The changes include an increase of funding of $45.5 million in 2016/17 and 2017/18 to ‘kick-start’ a five year reform program. Included in the funding is $3.3 million for improved digital information management to support better regulation and $4.8 million to expand the environmental public health capability in the EPA to better identify, manage and communicate environmental health risks in Victoria.
One of the key recommendations of the Independent inquiry which had the full support of the Victorian Government were the recommendations around Managing Legacy Risks (Recommendations 14.1-14.3). Recommendation 14.1 called on the Department of Land, Environment, Water and Planning to “…develop a comprehensive statewide database of sites that pose a high risk to the community because of their past use, which should link to other relevant government data sources including information held by the EPA.”
The public availability of such a database will be welcomed by all environmental assessors and land developers as an essential step in identifying risk when purchasing or developing land.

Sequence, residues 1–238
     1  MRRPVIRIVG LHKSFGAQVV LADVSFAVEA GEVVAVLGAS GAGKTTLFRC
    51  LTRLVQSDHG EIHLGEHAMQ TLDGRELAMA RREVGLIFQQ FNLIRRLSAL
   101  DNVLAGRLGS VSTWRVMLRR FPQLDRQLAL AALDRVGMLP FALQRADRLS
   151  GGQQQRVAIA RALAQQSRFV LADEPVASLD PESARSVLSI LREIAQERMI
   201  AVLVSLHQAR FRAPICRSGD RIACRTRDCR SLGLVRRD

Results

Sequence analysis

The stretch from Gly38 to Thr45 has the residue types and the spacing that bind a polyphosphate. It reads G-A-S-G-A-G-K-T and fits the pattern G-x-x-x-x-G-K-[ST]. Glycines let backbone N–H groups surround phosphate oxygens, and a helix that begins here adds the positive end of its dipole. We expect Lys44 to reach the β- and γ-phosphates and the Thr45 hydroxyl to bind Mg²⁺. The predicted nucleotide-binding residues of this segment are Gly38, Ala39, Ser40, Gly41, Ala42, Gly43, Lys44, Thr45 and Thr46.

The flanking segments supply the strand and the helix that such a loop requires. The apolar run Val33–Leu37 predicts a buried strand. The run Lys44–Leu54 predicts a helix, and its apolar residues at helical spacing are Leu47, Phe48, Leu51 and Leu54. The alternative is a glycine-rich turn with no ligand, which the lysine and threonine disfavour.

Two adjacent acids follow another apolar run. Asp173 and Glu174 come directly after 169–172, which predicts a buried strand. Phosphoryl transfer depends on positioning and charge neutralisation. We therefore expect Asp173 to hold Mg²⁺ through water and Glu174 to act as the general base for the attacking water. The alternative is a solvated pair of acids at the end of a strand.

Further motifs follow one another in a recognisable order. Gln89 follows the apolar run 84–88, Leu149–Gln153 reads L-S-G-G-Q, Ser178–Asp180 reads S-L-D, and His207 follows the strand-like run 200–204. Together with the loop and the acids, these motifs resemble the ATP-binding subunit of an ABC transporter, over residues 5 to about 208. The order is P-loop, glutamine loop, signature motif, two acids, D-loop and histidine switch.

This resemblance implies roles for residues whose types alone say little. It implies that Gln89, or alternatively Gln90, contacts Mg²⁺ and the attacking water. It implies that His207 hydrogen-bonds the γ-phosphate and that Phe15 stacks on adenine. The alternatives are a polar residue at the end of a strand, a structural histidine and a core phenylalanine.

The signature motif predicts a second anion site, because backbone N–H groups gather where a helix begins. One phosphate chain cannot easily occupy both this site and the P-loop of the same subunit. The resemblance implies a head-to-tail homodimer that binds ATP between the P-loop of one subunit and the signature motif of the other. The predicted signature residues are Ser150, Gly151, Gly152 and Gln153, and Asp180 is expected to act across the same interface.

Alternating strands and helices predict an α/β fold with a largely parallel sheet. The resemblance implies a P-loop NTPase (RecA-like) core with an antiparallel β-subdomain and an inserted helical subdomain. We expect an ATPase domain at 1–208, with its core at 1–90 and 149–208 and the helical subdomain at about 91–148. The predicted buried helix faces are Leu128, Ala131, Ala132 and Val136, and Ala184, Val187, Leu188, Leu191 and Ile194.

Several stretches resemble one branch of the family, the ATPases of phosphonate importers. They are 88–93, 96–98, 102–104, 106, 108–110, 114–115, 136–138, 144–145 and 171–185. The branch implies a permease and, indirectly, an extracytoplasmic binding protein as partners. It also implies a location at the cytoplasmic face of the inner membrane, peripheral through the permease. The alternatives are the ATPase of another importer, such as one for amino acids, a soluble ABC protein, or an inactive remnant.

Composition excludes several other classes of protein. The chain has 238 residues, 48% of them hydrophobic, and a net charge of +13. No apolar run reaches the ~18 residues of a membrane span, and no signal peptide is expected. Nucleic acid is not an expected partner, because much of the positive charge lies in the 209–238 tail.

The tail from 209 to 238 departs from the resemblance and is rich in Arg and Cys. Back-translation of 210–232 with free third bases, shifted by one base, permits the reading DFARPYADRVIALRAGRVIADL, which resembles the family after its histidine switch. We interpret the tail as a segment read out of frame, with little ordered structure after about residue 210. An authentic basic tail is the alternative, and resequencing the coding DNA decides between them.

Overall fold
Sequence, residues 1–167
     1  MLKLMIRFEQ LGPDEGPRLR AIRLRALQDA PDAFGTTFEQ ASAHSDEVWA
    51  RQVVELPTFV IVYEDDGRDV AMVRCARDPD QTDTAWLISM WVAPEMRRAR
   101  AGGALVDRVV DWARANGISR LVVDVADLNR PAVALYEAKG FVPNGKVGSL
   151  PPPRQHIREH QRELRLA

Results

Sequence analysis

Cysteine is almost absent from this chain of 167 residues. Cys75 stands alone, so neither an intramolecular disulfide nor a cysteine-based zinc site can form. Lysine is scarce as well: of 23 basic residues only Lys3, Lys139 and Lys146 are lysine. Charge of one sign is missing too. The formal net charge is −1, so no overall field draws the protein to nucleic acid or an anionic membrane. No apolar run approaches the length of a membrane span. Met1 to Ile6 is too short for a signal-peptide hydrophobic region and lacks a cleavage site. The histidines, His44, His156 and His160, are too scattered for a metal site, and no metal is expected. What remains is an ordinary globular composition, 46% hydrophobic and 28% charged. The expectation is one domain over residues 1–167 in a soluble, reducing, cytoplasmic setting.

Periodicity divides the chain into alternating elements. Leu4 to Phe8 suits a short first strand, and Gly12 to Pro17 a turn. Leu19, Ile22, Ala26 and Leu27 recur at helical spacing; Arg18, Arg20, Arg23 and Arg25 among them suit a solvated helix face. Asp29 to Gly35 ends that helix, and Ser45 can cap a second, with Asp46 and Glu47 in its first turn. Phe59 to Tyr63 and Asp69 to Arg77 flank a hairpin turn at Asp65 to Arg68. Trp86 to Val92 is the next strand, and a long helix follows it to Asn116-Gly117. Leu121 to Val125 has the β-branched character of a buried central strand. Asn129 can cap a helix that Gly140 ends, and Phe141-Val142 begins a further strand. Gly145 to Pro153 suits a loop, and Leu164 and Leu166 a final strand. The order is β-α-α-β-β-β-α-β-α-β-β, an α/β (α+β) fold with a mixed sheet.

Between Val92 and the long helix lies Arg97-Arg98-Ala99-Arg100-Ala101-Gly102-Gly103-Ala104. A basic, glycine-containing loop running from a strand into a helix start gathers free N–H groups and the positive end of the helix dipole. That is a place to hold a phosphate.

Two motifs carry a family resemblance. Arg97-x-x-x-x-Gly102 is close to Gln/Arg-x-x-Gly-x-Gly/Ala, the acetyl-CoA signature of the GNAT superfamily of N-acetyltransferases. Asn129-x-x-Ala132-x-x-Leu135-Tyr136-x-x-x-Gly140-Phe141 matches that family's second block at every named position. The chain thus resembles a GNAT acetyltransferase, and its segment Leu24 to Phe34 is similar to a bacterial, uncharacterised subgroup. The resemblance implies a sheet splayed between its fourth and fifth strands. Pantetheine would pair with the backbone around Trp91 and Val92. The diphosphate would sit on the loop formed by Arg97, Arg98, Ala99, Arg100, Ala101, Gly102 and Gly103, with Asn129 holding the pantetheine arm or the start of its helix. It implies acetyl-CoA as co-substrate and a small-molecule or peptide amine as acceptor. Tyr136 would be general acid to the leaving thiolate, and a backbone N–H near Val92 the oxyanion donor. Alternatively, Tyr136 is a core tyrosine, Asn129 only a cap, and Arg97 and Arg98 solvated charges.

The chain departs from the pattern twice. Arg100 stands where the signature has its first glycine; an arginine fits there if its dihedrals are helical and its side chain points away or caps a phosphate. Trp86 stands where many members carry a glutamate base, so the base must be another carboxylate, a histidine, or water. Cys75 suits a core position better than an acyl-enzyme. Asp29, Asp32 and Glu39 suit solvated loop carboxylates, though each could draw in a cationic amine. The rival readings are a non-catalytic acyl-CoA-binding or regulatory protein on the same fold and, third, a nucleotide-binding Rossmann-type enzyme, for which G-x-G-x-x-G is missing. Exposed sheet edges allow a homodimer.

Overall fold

Users of CheckSite, particularly users of who are requesting CheckSite Environmental Reports in the Melbourne metropolitan area will be aware that Spatial Vision has identified the locations of one of the key high risk operations, petrol stations, for which CheckSite has developed a database of sites going back as far as 1965. Spatial Vision will next prepare a database of asbestos manufacturers in Victoria and will be including this on future CheckSite Environmental reports.
Spatial Vision is keen to assist the Victorian EPA and DELWP in the development of a statewide database of high risk sites.
For the final report of the Independent Inquiry please click here.
For the Victorian government’s response to the report click here.